"The customer is always right" (article)

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In this article, Derek Stockley discusses the phrase: "the customer is always right", a starting point in customer service training.

I had an interesting exchange recently.

To accompany a bistro meal, I went to a bar to order a lemon squash and a glass of wine.

On the wine list displayed, I spotted the house wine which I read as De Bortoli Chardonnay - $3.50.

So that is what I ordered (or so I thought).

The bar attendant, went to the refrigerator, took out a bottle and poured a glass. With the lemon squash, it came to $8.70. This was more than I expected.

When I queried the amount, she said something to the effect: "You asked for De Bortoli Windy Peak Chardonnay didn’t you?" I replied that I had asked for the $3.50 one listed on the wine list.

She was most indignant. In a terse manner, she said something to the effect that the one she had poured was the more expensive and better one. She put it aside and poured the other one, which was "on tap".

I believe this is an example of a poor attitude to customer service.

There may have been a miss-communication. Although I looked at the wine list as I made the order, I did not specifically state it was the $3.50 house special. I used the Debortli brand name instead, which was shown on the wine list.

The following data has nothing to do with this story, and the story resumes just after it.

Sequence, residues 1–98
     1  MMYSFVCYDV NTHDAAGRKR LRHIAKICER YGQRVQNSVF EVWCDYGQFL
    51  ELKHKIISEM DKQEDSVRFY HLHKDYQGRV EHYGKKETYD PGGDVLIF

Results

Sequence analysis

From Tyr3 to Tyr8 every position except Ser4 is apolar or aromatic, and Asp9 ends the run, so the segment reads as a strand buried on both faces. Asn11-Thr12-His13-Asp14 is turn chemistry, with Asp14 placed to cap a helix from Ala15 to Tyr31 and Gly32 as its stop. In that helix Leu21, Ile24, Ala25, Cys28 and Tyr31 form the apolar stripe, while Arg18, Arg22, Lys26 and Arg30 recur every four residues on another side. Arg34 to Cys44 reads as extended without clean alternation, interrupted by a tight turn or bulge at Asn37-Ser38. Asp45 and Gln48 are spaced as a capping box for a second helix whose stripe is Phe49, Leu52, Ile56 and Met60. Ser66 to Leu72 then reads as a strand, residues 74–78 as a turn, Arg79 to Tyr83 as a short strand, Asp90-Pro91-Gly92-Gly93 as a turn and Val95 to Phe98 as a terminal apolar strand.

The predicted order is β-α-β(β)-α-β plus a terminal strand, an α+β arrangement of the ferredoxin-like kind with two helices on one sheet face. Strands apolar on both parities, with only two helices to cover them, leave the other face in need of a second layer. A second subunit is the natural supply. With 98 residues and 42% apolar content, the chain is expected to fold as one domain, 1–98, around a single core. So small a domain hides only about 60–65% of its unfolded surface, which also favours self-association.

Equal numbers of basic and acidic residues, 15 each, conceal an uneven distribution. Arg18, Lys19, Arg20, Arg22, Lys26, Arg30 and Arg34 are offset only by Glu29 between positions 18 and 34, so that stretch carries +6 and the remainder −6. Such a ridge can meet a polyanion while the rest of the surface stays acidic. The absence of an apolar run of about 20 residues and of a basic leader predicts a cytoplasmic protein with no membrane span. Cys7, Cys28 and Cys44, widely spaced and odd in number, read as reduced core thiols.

In customer service training programs, I will often discuss the notion that the customer is always right - but there are many variations.

In this wine example, the customer was right!

I had looked at the wine list and chosen what I wanted: the $3.50 house wine.

Knowing there were a variety of De Bortoli chardonnays on offer, it was up to the bar attendant to clarify my request.

If there was a misunderstanding, it should have been resolved gracefully with an apology or some other action (the glass of Windy Peak would have been nice).

The customer should not be made to feel wrong under any circumstances. Language at all times should be pleasant and courteous.

Even if the customer is wrong, there are methods that can be used that bring them round gently.

If, as a customer, you have a particular belief or feelings about something, the customer service person dealing with you has to acknowledge and deal with those feelings as well as the situation.

Courtesy is essential to good customer service.

Excellent customer service staff respond to the situation. Dealing with misconception successfully, like any customer service situation or problem, is what makes customer service such an enjoyable and interesting field to work in.


As a courtesy, I emailed an advanced copy of this newsletter (minus this postscript) to the hotel involved. It was sent three weeks ago to the general "info" email address, addressed to the "manager". I was surprised that I did not receive any acknowledgement or response.

I rang the hotel today and spoke to the manager. He did explain that there had been some management changes. He was most concerned about the content of the newsletter item. He apologised for the service and stated it should not have happened. As I was not able to name the staff member involved, he was not in the position to talk directly to them about the incident. He explained that the hotel ranked quite highly in industry award programs. I have arranged to put his hotel on the mailing list for this newsletter.

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